The event will be as high stakes for your client as it is for you. Keep a safe boundary between the logistics of the event and how much your client should be exposed to. Remember that thing called stress that we talked about? It’s our job to keep our clients’ minds at ease, amplify their brand, and “wow” their customers with those high-touch impressions. If an attendee is complaining that the food is too cold, and another attendee is complaining that the food is too warm, just connect with one of your event vendor bestie’s, and don’t pull your client away from a conversation with a customer to let them know.
A good event plan means you’ve assigned your team to the right roles. And your team will be like a machine going into perfect motion. Registration glides smoothly in place, the stage constructed, rehearsals tick along and the venue lead is one step ahead of everyone, readying for the guests. And with your detailed master schedule, you know each team member is well informed of the intricate onsite dance that will take place. You will definitely learn new aspects about your team members, it’s also a great team-building opportunity with plenty of stories to share for months and sometimes years to come.
Some further key essentials to ensure a smooth onsite experience:
- Hold a final briefing session with the client. When the planning period gets extremely busy in the final days leading up to the event, the bigger picture can get lost. It’s imperative to regroup and review how the event will be extraordinary and take them through your final show guide. Do this and you’ll avoid everyone running off and giving opposite orders to vendors, the venue and crew!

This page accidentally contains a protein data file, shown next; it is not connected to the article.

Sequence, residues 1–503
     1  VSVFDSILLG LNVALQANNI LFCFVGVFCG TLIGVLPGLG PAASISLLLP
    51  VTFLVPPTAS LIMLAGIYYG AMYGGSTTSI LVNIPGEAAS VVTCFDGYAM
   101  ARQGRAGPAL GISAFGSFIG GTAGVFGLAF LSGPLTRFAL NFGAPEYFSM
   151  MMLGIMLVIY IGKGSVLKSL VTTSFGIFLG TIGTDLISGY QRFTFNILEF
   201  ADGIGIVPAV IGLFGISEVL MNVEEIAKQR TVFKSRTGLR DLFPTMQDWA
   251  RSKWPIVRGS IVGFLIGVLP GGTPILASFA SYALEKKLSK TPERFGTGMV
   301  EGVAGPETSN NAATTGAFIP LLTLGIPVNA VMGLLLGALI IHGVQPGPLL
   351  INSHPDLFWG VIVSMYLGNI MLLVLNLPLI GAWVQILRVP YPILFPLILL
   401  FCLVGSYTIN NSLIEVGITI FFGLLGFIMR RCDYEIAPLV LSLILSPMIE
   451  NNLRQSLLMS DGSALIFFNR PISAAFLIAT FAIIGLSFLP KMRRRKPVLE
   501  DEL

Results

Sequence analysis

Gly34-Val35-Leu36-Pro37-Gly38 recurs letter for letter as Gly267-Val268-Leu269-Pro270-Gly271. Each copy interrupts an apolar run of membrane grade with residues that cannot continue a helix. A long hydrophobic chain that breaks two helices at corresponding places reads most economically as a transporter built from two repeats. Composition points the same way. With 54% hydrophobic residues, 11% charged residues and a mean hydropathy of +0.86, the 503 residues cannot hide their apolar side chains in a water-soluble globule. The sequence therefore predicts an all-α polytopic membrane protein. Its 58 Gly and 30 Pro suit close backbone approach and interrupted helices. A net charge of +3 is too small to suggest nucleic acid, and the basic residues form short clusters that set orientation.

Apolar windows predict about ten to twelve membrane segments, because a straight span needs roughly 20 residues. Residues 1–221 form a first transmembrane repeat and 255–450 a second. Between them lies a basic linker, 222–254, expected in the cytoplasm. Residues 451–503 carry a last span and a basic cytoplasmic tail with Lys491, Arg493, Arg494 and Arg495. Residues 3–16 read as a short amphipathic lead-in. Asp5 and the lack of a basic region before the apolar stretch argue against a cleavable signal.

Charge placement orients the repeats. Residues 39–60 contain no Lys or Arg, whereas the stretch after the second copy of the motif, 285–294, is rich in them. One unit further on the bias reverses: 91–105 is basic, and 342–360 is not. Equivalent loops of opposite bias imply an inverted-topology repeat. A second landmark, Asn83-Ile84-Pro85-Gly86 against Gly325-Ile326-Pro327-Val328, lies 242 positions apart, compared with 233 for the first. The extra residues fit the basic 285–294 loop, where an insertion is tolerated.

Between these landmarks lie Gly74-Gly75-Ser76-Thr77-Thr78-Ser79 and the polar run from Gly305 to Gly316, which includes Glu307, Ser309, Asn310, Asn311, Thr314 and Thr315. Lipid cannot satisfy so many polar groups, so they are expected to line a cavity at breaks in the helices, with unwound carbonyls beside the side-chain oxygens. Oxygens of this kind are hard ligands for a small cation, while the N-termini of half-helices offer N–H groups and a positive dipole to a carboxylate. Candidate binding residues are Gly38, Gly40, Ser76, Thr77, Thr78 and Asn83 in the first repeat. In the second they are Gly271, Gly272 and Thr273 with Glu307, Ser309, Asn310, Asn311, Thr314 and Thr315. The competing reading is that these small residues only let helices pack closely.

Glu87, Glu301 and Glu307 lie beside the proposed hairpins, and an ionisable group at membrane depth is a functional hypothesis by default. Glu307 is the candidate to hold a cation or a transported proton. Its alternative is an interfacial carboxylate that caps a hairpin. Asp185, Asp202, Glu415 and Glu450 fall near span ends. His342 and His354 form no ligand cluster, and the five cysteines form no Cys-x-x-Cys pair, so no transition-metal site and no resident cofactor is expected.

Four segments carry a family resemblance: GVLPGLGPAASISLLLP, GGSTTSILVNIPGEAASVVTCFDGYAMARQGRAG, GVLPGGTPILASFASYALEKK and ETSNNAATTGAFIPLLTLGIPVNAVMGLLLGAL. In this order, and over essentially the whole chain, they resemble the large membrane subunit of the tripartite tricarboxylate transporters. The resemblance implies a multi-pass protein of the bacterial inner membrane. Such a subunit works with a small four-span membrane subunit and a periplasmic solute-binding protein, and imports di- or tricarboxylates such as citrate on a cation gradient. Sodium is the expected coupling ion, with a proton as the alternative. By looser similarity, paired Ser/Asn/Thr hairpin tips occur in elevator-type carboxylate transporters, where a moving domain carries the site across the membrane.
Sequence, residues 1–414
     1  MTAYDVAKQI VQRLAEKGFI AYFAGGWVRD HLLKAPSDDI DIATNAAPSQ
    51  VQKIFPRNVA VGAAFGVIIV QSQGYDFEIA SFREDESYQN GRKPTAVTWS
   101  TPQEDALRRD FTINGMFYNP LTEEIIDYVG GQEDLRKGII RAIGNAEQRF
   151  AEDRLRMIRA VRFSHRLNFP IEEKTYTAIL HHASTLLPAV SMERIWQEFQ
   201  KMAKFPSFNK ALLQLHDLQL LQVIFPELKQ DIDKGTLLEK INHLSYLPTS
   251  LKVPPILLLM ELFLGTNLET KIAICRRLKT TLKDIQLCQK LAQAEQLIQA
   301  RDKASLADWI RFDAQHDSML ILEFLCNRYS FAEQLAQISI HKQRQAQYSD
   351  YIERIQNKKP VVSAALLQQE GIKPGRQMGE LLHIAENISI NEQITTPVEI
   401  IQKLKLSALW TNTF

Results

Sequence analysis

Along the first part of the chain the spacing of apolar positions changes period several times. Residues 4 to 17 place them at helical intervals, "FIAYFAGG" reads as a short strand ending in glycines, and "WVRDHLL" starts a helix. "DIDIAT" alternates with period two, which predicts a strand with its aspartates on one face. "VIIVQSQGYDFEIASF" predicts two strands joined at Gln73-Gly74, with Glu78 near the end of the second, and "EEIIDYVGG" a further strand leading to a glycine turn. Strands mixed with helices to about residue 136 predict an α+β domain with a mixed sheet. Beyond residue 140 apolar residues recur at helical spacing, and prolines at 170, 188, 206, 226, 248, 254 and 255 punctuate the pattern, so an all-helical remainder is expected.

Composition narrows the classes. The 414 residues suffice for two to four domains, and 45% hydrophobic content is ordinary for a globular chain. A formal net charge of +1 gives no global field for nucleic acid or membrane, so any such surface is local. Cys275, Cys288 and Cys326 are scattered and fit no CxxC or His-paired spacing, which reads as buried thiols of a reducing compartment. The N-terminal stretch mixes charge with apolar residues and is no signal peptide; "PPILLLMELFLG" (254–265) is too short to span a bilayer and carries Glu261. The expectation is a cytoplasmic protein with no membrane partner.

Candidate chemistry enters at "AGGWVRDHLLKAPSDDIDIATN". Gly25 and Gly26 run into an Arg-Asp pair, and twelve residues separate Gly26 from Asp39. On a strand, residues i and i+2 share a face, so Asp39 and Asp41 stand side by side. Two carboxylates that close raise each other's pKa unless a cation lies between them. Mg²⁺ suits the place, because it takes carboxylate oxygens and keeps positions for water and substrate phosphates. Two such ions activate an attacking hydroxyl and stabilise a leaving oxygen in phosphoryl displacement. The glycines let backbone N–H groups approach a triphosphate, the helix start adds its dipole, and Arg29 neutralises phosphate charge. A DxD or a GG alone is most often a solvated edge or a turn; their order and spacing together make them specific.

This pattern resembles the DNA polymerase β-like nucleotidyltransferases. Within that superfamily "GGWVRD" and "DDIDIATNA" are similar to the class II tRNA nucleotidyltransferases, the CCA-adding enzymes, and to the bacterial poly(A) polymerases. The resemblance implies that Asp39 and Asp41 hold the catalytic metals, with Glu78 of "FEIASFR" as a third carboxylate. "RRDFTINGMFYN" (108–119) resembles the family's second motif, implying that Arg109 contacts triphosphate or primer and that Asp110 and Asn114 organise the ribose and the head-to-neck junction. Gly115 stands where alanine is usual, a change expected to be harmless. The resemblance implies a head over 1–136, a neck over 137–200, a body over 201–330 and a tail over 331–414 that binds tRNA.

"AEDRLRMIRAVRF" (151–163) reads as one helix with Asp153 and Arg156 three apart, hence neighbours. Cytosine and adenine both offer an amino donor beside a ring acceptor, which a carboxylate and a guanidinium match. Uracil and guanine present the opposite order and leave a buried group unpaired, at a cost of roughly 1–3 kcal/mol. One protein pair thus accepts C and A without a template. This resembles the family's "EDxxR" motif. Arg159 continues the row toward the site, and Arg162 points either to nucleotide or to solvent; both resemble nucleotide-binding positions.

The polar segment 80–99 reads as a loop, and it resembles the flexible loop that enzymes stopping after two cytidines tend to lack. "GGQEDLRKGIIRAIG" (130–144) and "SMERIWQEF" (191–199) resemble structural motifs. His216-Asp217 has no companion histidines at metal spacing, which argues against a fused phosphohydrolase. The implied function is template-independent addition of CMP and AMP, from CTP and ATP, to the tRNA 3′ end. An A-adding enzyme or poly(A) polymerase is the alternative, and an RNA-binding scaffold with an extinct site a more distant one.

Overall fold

- Conduct a final tie-down meeting with the venue. This is where you’ll meet the entire venue team: The front desk lead, concierge, housekeeping, catering and so on. These are your go-to people. They’re poised and ready to make your event stand out.
- Plan ample time for set-up and schedule your vendor arrivals and set-up accordingly –make time be a luxury, and take full advantage! It never hurts to be too prepared and allow for glitches to happen during the move-in process that won’t derail your event. And it sure helps if changes come up during set-up versus the middle of the event!
- Eat! We have a joke on our team, as long as there’s food (and chocolate) and constant wi-fi connection we can work through anything!
- Test your registration process BEFORE attendees arrive onsite. Don’t let it be a surprise at 7 in the morning when guests start arriving to understand how things will flow. Be prepared for glitches and a mass rush, even if they don’t happen.
There’s a lot of work that goes into executing a successful event, but a great event lead won’t be the one in a fetal position in the corner as things unfold onsite. Even if at times you’re sure you’ve become a magician, literally pulling a bunny out of a hat to liven up the mood! Just kidding. If only it were that easy.
At the end of the day, the results are the most important part. It’s what keeps us coming back for more. Seeing your hard work come to life and the positive impressions you create for your clients is what makes it all worthwhile in the end! Give yourself a pat on the back afterwards, and heck break out the bottle of wine. You deserve it.